-People are far closer to knowing the inflation rate now: estimating 3.7% for November (CPI was 4.2% in October).
-By comparison, when it was 0.4% in February this year they estimated 2.5%.
-When asked what will happen to rates, 21% said they expect them to stay about the same for the next 12 months, while 60% expect them to rise.
-The proportion expecting rates to rise over the next 12 months has risen from 43% in August to 60% in November
-When asked what would be best for the economy, 35% of people said rates should stay where they are, and 25% thought they should go up.
The Bank of England/Kantar inflation expectation figures were released on Friday: Bank of England/Kantar Inflation Attitudes Survey – November 2021 | Bank of England
Sarah Coles, senior personal finance analyst, Hargreaves Lansdown comments:
“Inflation has become a pressing issue for millions of people, who are seeing prices go through the roof. Usually only those with a real interest in money have any idea what’s happening with inflation, but right now, millions of us know all too well how much pressure our budgets are under.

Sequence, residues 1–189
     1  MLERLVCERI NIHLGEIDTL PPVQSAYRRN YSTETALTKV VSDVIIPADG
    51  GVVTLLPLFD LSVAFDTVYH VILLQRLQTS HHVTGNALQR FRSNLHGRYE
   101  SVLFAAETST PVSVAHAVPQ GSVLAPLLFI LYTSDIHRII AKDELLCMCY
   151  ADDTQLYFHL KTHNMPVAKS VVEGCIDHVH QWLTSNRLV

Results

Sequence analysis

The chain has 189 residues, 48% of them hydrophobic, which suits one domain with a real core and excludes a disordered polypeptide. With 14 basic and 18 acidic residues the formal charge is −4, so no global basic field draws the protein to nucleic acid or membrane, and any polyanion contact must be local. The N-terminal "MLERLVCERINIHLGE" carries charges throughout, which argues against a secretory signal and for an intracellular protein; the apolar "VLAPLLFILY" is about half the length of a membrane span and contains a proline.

When inflation isn’t a major concern, most people have to hazard a rough guess at what inflation might look like. It’s why in February, when CPI was at 0.4%, on average people estimated inflation was at 2.5%.
But right now, with the price of everything from fuel to energy and food rising sharply, we’re well aware of just how much more things are costing us.
We’re also much more keenly aware of the chance that a rate rise is on the cards in the not-too-distant future. 60% of people expect rates to rise over the next 12 months – a number that has been climbing steadily for the past year, but saw a jump from 43% over the past 3 months.
When asked what rate rises would mean for us, 29% of people said it would be better for them personally if rates rose, while 20% said it would be better if they fell and 26% said it would be better if they remained where they are.
Some of this may be because people feel a rate rise could control prices. However, when the same survey asked people about the relationship between rate rises and inflation back in February, only just under a third were aware that higher rates could push prices down.
There’s a real risk that people don’t realise the impact that a rate rise could have on the cost of their borrowing, and while those on fixed-rate mortgages or loans may be protected for the length of the fix, those on variable-rate deals and anyone with a credit card could be in for a nasty surprise when rates start going up.”